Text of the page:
THE ME HALF OF THE EQUATION

I dig Strong Guy.  I dig Strong Guy a lot.  Ever since we got our first taste of X-Factor with Multiple Man back in 2018, I’ve been looking forward to getting this guy in some form or another, and with the Havok and Polaris figures further filling out the line-up, was even higher on my list.  As soon as this guy was shown off, I was totally on-board, no matter what figures I had to buy to get him…which may have been for the best, but I’ll get to that in a second.  Strong Guy’s an awesome figure, and I’m really glad to have him.  He looks fantastic with the rest of his team.

This assortment is a definite mix of highs and lows.  Strong Guy’s a fantastic Build-A-Figure, and a front runner for my favorite BaF of the year.  It’s really just Crimson Dynamo he has to contend with.  The figures that build him range from surprisingly good to downright abysmal.  Maverick is on the high end of that spectrum for me, but Black Tom, Warpath, and Sunspot all make for a serviceable middle-ground figure.  The Deadpool variants, however, are really treading on thin ice now, and neither one offered here is anything approaching needed.  And Shiklah is garbage, and you can’t convince me otherwise.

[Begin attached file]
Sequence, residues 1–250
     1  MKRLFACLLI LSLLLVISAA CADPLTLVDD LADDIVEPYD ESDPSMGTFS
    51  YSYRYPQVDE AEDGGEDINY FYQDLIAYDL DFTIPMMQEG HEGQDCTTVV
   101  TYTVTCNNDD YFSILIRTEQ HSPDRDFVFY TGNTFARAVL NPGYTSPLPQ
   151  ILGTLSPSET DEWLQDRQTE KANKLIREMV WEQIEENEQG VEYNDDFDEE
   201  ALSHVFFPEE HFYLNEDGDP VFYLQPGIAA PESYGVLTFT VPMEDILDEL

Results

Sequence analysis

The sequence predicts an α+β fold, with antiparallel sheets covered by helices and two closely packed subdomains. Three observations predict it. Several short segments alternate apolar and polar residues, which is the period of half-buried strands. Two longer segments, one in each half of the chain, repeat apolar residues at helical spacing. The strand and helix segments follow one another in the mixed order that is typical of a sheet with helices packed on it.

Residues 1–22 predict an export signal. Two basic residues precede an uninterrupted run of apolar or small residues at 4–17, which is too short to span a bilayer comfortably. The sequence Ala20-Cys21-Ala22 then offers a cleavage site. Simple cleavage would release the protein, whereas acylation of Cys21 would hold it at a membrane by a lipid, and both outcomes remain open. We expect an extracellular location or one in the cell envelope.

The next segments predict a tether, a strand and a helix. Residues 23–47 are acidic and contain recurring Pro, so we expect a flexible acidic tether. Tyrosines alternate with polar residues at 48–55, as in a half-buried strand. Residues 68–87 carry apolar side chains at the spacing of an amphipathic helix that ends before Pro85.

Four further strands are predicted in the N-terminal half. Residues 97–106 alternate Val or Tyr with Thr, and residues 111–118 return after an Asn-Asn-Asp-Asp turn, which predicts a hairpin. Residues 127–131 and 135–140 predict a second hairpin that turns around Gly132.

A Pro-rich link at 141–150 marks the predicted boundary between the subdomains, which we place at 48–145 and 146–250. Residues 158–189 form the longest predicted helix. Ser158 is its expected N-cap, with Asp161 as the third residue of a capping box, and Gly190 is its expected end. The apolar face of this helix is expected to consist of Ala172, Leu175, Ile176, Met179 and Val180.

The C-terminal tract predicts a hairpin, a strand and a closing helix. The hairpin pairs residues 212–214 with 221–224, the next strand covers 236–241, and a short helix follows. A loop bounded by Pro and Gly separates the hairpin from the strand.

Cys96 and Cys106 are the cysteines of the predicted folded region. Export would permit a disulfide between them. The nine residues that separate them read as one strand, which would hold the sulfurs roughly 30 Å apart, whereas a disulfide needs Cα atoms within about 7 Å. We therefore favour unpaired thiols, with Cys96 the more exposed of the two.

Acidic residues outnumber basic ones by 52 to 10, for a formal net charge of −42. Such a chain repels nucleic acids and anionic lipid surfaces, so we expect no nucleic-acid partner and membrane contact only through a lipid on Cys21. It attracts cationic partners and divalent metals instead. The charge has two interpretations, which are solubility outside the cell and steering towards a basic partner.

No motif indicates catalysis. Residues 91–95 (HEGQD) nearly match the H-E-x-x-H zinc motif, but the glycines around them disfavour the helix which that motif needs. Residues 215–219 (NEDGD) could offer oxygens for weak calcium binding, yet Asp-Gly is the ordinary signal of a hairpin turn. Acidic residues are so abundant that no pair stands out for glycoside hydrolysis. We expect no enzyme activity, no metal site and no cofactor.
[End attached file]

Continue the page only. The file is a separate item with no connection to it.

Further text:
#2514: Deadpool

DEADPOOL

MARVEL LEGENDS (HASBRO)

“Just got the suit back from the dry cleaners. I hear blue and gold is the new red?”

Okay, yep, there’s another Deadpool.  Still gotta review the other Deadpool.  It’s okay, there’s just this one more review, and then I get to review something I actually care about.  Come on, Ethan, you can do this!  I believe in you, me!

What good would a Deadpool wave be with only a single Deadpool variant?  That would be downright preposterous, wouldn’t it?  Well, we covered the zanier side of things with Pirate Deadpool, so let’s have a look at something that’s a bit less out there, and a bit more…umm…what’s a more exciting word for bland?

THE FIGURE ITSELF